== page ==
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Election Endorsements

November 04, 1990


Note: The Times does not ordinarily endorse in the contest for governor because this race attracts sufficient attention to enable voters to reach informed decisions, and it chooses not to endorse in every political race but to endorse in partisan elections selectively.

State Offices

Lt. Governor: Leo McCarthy (D)

A hard-working problem solver. Quiet, persistent, decent and level-headed.

Attorney General: Arlo Smith (D)

A career prosecutor--non-ideological, professional. His opponent is a former congressman whose conservative political views may get in the way of an evenhanded approach to this important job.

State Treasurer: Kathleen Brown (D)

Her opponent, Tom Hayes, has done a good job as the incumbent treasurer, but Brown offers a vision of the office that's both imaginative and responsible.

Secretary of State: March Fong Eu (D)

A knowledgeable career public servant with a very capable staff.

Controller: Gray Davis (D)

Well-qualified to continue to watchdog the state's $55.7 billion budget.

Insurance Commissioner: Wes Bannister (R)

Independent insurance agent Bannister, who has agreed to put his agency into a blind trust if elected, offers impressive knowledge of the industry and ability to critically evaluate its weaknesses.

State Board of Equalization 2: Brad Sherman (D)

Brad Sherman, a tax lawyer and a certified public accountant, would bring a high level of professionalism, vigor and integrity to the board.

State Board of Equalization 4: No endorsement

The race for this seat is between Paul Carpenter, a man who cannot serve because he is a convicted felon, and Joseph H. Adams, who does not have the broader background needed to exercise the duties effectively.

U.S. Congress

30th District.: Reuben Franco (R-Monterey Park)

Young, aggressive challenger in a district represented by a low-energy incumbent.

36th District: George E. Brown Jr.(D-Colton)

Top science and technology booster, important at this critical juncture; in a stiff challenge.


124--YES: Hospital Districts, Constitutional Amendment

Community-owned hospitals, especially in rural areas, need freedom to use innovative and economical ways to broaden their services. Would authorize local hospital districts to acquire stock--currently prohibited by the state Constitution--in corporations engaging in health-care-related businesses.

125--YES: Rail Transit Funding, Constitutional Amendment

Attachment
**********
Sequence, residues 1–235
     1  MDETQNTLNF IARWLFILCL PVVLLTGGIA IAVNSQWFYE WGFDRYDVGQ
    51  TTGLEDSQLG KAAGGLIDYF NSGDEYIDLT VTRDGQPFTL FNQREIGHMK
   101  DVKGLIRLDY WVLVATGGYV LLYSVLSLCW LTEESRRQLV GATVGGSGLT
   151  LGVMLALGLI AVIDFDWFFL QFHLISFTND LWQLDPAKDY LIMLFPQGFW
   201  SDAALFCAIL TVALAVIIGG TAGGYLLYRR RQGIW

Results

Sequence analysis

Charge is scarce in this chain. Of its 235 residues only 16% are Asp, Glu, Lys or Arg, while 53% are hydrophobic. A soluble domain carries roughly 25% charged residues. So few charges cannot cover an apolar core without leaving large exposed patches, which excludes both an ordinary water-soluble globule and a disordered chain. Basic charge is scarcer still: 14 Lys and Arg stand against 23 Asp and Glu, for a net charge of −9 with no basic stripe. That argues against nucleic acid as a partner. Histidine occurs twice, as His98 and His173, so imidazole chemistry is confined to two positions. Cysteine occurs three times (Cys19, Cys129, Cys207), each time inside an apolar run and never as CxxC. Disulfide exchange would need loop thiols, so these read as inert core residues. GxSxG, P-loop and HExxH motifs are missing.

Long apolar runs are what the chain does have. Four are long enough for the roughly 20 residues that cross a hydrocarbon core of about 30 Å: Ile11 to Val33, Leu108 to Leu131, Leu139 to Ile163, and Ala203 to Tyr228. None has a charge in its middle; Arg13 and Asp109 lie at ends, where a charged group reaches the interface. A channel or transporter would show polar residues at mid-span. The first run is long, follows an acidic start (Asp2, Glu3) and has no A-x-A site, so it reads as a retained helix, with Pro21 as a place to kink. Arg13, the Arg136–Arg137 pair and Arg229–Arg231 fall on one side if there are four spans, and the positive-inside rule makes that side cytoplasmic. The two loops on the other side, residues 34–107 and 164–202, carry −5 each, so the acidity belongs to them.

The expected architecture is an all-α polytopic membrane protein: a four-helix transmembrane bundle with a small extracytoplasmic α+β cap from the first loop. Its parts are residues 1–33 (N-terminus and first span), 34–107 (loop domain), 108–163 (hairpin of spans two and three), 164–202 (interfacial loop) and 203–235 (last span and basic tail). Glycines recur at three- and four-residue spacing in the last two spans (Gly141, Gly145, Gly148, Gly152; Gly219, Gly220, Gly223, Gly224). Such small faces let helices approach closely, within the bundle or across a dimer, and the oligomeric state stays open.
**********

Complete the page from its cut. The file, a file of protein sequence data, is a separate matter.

Right now using state gasoline tax revenues to buy commuter rail cars and equipment is constitutionally prohibited. This unnecessary encumbrance would be lifted.

126--NO: Alcoholic Beverages Tax, Constitutional Amendment

This poison pill to the "Nickel a drink" proposition (134) would hike liquor taxes somewhat, but the taxes collected would simply be dumped into the general fund, and two clauses designed to neutralize 134 and other liquor taxes are offensive.

127--YES: Earthquake Property Tax Exclusion, Constitutional Amendment

Would exclude existing buildings that are retrofitted with earthquake improvements from property tax increases. A sensible change in the law.

128--NO: Environment, Public Health Initiative (Big Green)

This grab bag of a ballot measure would in some areas aim to do a lot and in others not do very much. It proposes, among other things, to ban pesticides; require the state to reduce carbon-dioxide emissions by as much as 40% by the year 2010; ban clear-cutting of ancient redwood forests; accelerate the timetable for eliminating use of ozone-depleting chemicals; write into state law an existing ban on new offshore oil drilling in state waters; tax oil companies to pay for future offshore oil spills; curb discharge of toxic waste into bay and coastal waters; create the post of environmental advocate to enforce environmental laws. It all sounds pretty good, but on closer examination it duplicates a lot of what's being done and adds some things that might be more symbolic than real. More wish list than effective environmental policy.

129--NO: Drug Enforcement, Prevention, Treatment, Prison Initiative

This is a political leftover from the June primary--a relic of Atty. Gen. John Van de Kamp's unsuccessful run for governor. Proposition 115, passed in June, covers a lot of this. What's not covered, by and large, is better handled in Proposition 133 or better left alone.

130--YES: Forest Acquisition Initiative (Forests Forever)

By far the best environmental proposition on the ballot. Would ban clear-cutting in all forests; authorize a $742-million bond issue for the purchase of redwood forests; prohibit timber operators from harvesting more trees than could be grown on their land in any 10-year period; restrict burning of debris from logging; restrict export of California logs; reconstitute the state Board of Forestry and require appointment of environmentalists. Go for it.

131--YES: Term Limits, Ethics, Campaign Financing Initiative

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